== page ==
A tape transport is the collection of parts of a magnetic tape player or recorder that the actual tape passes through. Transport parts include the head, capstan, pinch roller, tape pins, and tape guide. The tape transport as a whole is called the transport mechanism.
The tape head is the part of a cassette recording or playback device which converts the magnetic fluctuations present in the tape into sound, which is sent out into whatever sound projection apparatus is connected to the device. The tape head is usually set off-center in a cassette device in order to facilitate the playing of different sections of the tape (e.g. the two different playing tracks present on most, if not all, compact cassettes).
The capstan is a rotating spindle used to move recording tape through the mechanism of a tape recorder. The tape is threaded between the capstan and one or more rubber-covered wheels, called pinch rollers, which press against the capstan, thus providing friction necessary for the capstan to pull the tape. The capstan is always placed downstream (in the direction of tape motion) from the tape heads. To maintain the required tension against the tape heads and other part of the tape transport, a small amount of drag is placed on the supply reel. Tape recorder capstans have a function similar to nautical capstans, which however have no pinch rollers, the line simply being wound around them.
The use of a capstan allows the tape to run at a precise and constant speed. Capstans are precision-machined spindles, and polished very smooth: any out-of-roundness or imperfections can cause uneven motion and an audible effect called flutter. The alternative to capstan drive, simply driving the tape takeup reel (which was used on some cheap tape recorders), causes problems both with the speed difference between a full and empty reel and with speed variations as described.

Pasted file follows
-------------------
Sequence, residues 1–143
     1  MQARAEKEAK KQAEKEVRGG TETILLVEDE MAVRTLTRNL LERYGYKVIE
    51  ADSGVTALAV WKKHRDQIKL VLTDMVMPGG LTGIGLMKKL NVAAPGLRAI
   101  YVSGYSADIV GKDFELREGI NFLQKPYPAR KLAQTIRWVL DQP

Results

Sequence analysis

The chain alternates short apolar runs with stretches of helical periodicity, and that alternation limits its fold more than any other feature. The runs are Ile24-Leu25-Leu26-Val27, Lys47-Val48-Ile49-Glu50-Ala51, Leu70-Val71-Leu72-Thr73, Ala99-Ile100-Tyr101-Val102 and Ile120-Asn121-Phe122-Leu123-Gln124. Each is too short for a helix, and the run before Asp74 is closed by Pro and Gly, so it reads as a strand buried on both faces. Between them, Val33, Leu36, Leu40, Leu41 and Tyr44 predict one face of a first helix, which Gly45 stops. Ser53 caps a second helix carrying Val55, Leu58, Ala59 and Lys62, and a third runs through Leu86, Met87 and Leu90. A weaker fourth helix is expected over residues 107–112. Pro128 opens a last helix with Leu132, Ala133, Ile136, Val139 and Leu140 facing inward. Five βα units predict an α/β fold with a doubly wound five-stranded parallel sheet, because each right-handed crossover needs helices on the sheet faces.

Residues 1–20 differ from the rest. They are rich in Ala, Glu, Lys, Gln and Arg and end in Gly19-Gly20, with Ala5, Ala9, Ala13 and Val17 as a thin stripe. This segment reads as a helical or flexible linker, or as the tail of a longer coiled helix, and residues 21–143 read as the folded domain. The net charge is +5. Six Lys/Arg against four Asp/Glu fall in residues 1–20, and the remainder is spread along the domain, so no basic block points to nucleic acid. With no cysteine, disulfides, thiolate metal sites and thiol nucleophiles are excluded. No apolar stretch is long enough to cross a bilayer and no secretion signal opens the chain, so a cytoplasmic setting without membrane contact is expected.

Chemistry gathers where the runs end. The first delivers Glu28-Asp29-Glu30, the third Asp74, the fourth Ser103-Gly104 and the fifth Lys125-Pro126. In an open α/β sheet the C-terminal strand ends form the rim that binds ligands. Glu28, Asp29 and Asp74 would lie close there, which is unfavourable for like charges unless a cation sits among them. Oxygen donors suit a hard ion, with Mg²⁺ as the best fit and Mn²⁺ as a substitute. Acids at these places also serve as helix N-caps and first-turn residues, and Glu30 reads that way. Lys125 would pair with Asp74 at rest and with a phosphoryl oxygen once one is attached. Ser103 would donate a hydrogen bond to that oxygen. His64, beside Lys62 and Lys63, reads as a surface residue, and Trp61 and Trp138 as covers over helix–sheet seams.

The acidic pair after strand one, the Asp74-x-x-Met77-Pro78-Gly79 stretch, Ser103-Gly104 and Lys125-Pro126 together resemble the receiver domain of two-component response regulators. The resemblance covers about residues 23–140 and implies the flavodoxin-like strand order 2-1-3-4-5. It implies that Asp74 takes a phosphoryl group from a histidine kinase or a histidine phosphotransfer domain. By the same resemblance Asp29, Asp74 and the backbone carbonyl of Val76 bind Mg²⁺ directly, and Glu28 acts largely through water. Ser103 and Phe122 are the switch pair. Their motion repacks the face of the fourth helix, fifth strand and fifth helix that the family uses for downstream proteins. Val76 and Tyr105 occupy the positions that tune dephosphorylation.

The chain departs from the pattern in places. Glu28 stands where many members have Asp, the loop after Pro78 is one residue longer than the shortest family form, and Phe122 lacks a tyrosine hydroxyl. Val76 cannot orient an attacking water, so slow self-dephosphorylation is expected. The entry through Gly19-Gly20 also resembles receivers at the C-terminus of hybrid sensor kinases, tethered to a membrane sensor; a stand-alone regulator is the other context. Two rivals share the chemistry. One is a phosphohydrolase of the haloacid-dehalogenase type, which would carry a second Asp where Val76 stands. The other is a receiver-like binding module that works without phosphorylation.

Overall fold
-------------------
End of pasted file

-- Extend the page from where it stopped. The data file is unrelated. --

Dual capstans, where one is on each side of the heads, are claimed to provide even smoother tape travel across the heads and result in less variance in the recorded/playback signal.
The pinch roller is a rubberized, free-spinning wheel typically used to press magnetic tape against a capstan shaft in order to create friction necessary to drive the tape along the magnetic heads (erase, write, read).
Most magnetic tape recorders use one capstan motor and one pinch roller located after the magnetic heads in the direction of the moving tape. However multiple pinch rollers may also be employed in association with one or more capstans. An example of the application of multiple pinch rollers is the Technics RS-1520 tape recorder, which utilizes two pinch rollers located on opposite sides of a single capstan shaft, providing a more stable transport across two sets of magnetic heads. Dual pinch rollers are also used (along with dual capstans) in auto-reverse cassette decks to drive the tape in both directions as needed. In this case, only one pinch roller is pressed against its corresponding capstan at a time.
A tension arm is a device used in magnetic tape recorders/reproducers to control the tension of the magnetic tape during machine operation. The recorders equipped with a tension arm can utilize more than one of them to control tape tension in different direction of winding or during different modes of tape operation. Tension arms can also be found on digital data recorders and other types of recorders/reproducers using continuous tape media such as magnetic digital tape, perforated paper tape, and analog magnetic tape.